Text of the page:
I'm reading some books on theory of knowledge and philosophy of mind. In those readings, notion of "open sentences" are used for certain extension, for example by Davidson.

Question: what does open sentence mean in philosophy?

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    Is there any chance I could persuade you to share a little more about your context? What books are you reading?
    – Joseph Weissman
    Commented Sep 14, 2015 at 14:54
  • @JosephWeissman Davidson's mental events. And D.W.Hamlyn's The theory of knowledge.
    – Darae-Uri
    Commented Sep 14, 2015 at 14:57
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    @Darae-Uri, more context would still be useful... can you edit your question with a passage for context? Also, in general, when someone asks for clarification, edit your question so that others who come across your question don't have to figure it out from the comment thread. Commented Sep 14, 2015 at 17:38
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    Yes, please provide one or two quotations involving "open sets", from both sources. Commented Sep 14, 2015 at 22:38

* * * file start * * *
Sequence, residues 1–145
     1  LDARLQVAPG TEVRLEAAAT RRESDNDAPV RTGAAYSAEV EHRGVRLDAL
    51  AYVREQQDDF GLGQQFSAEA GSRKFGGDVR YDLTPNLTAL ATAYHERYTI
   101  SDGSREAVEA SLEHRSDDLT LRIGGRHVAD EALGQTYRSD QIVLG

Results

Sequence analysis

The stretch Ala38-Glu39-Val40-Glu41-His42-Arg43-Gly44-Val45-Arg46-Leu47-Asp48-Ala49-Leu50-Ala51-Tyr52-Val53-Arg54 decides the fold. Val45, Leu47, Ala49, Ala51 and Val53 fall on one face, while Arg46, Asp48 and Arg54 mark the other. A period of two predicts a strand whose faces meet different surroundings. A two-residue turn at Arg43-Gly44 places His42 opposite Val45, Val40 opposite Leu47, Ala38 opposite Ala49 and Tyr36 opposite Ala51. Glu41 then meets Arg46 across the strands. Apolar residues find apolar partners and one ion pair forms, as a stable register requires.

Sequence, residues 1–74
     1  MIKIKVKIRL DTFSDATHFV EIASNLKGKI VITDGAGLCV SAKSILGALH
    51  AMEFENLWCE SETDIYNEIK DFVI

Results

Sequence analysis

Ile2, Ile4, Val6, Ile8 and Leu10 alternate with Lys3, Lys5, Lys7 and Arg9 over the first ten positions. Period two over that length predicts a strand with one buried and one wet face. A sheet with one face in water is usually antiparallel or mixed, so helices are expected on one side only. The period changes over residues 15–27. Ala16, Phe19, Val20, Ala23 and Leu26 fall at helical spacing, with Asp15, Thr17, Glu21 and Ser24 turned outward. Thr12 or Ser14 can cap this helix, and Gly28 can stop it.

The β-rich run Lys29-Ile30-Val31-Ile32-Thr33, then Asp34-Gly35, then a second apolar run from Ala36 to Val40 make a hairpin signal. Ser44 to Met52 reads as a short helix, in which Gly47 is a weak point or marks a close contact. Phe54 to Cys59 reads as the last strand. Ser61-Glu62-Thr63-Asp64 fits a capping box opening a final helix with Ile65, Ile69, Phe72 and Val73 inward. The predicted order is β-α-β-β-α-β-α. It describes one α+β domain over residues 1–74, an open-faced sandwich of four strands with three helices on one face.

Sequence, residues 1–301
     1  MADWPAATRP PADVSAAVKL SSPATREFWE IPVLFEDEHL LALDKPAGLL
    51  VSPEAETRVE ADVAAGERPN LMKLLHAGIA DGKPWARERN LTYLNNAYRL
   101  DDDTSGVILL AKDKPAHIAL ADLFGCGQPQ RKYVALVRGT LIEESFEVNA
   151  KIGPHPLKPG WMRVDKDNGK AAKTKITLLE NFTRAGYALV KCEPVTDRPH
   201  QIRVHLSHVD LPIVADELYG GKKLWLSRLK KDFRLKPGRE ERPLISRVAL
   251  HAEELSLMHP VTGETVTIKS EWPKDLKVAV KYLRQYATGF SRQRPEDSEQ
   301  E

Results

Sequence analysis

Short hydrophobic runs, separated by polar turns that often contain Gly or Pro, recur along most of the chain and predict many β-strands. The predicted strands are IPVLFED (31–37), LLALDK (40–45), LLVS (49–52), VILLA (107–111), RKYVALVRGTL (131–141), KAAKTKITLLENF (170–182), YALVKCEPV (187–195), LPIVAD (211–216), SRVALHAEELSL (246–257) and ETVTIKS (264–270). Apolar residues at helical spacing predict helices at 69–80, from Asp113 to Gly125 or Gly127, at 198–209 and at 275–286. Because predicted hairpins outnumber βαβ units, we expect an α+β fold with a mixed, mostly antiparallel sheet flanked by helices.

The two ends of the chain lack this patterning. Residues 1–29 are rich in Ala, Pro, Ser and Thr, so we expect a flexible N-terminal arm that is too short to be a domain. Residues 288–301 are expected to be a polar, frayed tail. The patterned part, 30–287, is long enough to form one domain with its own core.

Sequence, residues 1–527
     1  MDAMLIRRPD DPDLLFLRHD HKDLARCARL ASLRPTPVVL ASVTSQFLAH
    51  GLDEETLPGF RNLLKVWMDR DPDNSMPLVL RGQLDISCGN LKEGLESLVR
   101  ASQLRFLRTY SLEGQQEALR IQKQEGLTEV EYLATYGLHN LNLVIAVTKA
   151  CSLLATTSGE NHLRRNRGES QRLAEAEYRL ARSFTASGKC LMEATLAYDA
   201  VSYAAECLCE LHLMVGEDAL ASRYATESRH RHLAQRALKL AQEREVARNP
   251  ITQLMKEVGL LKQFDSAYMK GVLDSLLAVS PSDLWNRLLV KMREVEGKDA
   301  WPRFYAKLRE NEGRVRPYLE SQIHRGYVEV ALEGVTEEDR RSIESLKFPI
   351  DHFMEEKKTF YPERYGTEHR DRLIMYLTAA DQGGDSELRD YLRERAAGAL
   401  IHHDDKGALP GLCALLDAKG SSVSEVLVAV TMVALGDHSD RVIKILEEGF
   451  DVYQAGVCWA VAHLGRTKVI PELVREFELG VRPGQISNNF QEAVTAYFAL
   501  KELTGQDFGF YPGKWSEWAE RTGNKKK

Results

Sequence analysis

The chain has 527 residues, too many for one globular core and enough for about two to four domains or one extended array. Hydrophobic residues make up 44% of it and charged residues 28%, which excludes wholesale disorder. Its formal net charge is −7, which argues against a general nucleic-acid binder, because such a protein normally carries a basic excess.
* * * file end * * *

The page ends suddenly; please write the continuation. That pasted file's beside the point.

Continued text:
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    I found no "open sets" in Mental Events, there are plenty of "open sentences" but no "open sets" fitelson.org/proseminar/davidson.pdf
    – Conifold
    Commented Sep 15, 2015 at 2:42

1 Answer 1


An open sentence is a sentence featuring a free variable. They are sometimes called open formulas.

For example, 'x is green' is an open sentence, whereas 'Sam is green' is not.

Open sentences can be thought of as expressing a (possibly complex) property.

(I've checked and this is the sense being used in the Davidson paper mentioned.)

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